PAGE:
In the history of the world of business, very few industries have enjoyed the stellar growth that we have seen in electronic media and entertainment over the past few decades. There is every reason for continued optimism due to three basic factors: 1) booming growth in the number of people around the world who use the Internet on a regular basis, whether by fixed means, wireless devices or both; 2) continuing improvements in the speed and reliability of Internet access; and 3) the continuing and dramatic evolution of electronic platforms, particularly smartphones and tablet computers. Game consoles also continue to improve on a steady basis. Eventually, virtual reality may take games and entertainment to an entirely new level.
Embedded, wearable and ubiquitous computing will be the next step. Specifically, personal electronics are evolving in the following order:
1) First, there was sometimes-on (think dial-up and Internet service providers like the original AOL.com).
2) Then we progressed to always-on, thanks to the rapid adoption of broadband, whether via DSL or cable, along with ever higher Internet access speeds.
3) More recently, we evolved to always-with-you, thanks to the proliferation of mobile devices.
4) The coming leap forward in computing will be always-around-you, where, to a rapidly growing degree, the advent of pervasive computing devices and remote wireless sensors will connect us to, and collect data from, an astonishing array of objects, ranging from automobiles to appliances and air conditioning systems, to monitors that record our individual health statistics. This step will include wearable computing devices and embedded computing that enables rooms to recognize you when you enter and automatically configure nearby devices to your personal preferences. It will also include devices that know which types of entertainment, games or social media we habitually use at certain times of day, and therefore push those services to you seamlessly and automatically.
Globally, as of 2015, there were more than 7 billion wireless device subscriptions in a world of 7.3 billion people, and more than 3 billion people worldwide were Internet users. (Some users have more than one wireless service subscription. Plunkett Research estimates that the number of individuals with one or more wireless service subscriptions totals 5 billion.) The base of people around the world who adopt smartphones will continue to grow, and they will use them to access the Internet, games and mobile apps in massive numbers.
Three extremely important sectors of this evolving personal communications and media world include electronic games, apps and social media (GASM), and the lines between these three sectors frequently blur. For example, multiplayer online games encourage communication between communities of players, while social media like Facebook are often the platforms that support the most popular games. Meanwhile, apps are rapidly becoming the tool of choice for launching a wide variety of communications tools, entertainment and Internet sites, including games. Users seamlessly let their online access flow from one segment of GASM to the other, and often use all three at once.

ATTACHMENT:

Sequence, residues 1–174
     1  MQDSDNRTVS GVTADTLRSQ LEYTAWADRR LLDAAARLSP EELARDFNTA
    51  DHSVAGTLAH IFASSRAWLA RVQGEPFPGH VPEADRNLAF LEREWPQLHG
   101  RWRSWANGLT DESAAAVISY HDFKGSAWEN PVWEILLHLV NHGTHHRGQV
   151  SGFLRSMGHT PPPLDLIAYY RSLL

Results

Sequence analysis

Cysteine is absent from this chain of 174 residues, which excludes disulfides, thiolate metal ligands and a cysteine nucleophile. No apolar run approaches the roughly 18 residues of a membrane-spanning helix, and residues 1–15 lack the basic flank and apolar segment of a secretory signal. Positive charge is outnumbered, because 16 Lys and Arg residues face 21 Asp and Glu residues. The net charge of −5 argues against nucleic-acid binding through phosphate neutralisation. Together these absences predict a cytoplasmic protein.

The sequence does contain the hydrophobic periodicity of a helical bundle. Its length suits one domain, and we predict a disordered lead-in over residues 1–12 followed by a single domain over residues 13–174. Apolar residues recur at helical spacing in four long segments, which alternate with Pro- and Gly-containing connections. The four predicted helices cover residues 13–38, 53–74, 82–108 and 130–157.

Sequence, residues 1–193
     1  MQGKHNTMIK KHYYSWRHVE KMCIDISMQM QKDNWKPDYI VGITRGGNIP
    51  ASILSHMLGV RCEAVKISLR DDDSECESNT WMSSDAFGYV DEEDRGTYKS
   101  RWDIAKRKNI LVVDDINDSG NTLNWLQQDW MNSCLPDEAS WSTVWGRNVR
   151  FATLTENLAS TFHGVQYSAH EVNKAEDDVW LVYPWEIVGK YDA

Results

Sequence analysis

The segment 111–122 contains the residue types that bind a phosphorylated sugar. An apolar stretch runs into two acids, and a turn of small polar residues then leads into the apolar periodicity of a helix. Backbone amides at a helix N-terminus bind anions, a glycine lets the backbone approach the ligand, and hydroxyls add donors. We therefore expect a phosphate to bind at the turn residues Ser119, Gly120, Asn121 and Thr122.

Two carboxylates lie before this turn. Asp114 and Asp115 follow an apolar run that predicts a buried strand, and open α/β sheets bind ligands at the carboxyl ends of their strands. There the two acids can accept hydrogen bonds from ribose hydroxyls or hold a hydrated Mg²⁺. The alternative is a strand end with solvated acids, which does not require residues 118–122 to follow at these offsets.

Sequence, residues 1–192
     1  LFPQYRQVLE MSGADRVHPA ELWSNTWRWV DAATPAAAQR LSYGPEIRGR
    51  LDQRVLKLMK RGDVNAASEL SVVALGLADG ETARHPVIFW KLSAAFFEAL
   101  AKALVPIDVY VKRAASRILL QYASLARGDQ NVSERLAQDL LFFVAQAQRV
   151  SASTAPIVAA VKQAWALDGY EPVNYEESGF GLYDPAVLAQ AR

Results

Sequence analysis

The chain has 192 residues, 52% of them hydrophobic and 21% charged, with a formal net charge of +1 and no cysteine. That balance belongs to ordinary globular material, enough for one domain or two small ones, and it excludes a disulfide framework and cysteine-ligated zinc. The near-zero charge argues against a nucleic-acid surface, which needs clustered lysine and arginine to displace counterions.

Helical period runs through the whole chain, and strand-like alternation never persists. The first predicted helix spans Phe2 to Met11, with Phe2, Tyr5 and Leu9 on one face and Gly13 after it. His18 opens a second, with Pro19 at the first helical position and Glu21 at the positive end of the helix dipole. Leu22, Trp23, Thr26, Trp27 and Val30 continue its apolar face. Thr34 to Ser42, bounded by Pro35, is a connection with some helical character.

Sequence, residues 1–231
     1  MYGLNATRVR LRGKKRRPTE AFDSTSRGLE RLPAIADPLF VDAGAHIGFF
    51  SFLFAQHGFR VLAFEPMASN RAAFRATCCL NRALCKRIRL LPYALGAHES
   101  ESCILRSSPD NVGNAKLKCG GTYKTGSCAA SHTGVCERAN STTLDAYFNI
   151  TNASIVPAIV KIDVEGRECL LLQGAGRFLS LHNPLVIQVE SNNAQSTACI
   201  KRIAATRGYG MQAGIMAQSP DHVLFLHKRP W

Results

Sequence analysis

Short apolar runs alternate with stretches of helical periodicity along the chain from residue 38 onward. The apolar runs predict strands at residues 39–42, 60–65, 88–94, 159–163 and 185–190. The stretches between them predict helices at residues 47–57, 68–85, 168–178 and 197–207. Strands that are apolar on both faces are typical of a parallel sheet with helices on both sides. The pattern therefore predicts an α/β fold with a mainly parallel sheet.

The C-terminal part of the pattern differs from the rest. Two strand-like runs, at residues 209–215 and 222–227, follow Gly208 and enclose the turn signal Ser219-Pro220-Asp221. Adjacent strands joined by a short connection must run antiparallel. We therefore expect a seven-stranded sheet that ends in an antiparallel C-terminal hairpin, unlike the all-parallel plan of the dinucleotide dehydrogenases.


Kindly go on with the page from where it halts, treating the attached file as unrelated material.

Games: The global video games industry is so vast that it surpasses the categories of adult and children’s books in terms of total revenues. Estimates of the total size of the global electronic games market (including hardware, software and subscriptions) vary from one analyst to another, but there is a general consensus that the market will be at least $100 billion by 2017. Games tracking firm Newzoo forecast that the 2016 market will be $95.2 billion. This market is evolving rapidly. Game players first purchased games from retail stores, which evolved into buying online subscriptions or accessing free games from the Internet. It is likely that cloud-based gaming will dominate the market next.
Advertising on game sites will grow rapidly. The advertising industry has jumped into the GASM field in a massive way, as the number of hours spent by consumers accessing GASM daily has become much too large to ignore. Likewise media, professional sports and entertainment corporations have entered the field with great enthusiasm. The fastest-growing advertising media include the largest social media site: Facebook.
Historically, gaming was largely an industry driven by players on dedicated consoles, such as the PlayStation and Xbox. Manufacturers of consoles continue to compete fiercely to introduce the best new features and garner market share. Game console makers have been able to develop massive numbers of fans who pay monthly subscription fees. Microsoft’s Xbox Live has more than 48 million paying subscribers and Sony’s PlayStation network has more than 110 million. Once logged in, subscribers can both play their favorite games and control their favorite media and entertainment. For example, they can log into NetFlix to watch streaming movies on their consoles. However, retail sales of game software designed for specific consoles are slowly becoming of less importance. Game consoles offer exciting features, but may become less relevant to the overall market as many gamers rely on their smartphones and the cloud for play.
Players accessing games online is a vital trend. The fastest growing segment is mobile games played on smartphones and tablets. Gartner puts mobile gaming revenues at $20 billion for 2014. Newzoo forecasts this market to be $30.7 billion in 2016. Mobile gaming has, to a large extent, become an industry of its own, with startup firms such as Ubisoft and GungHo showing stunning growth.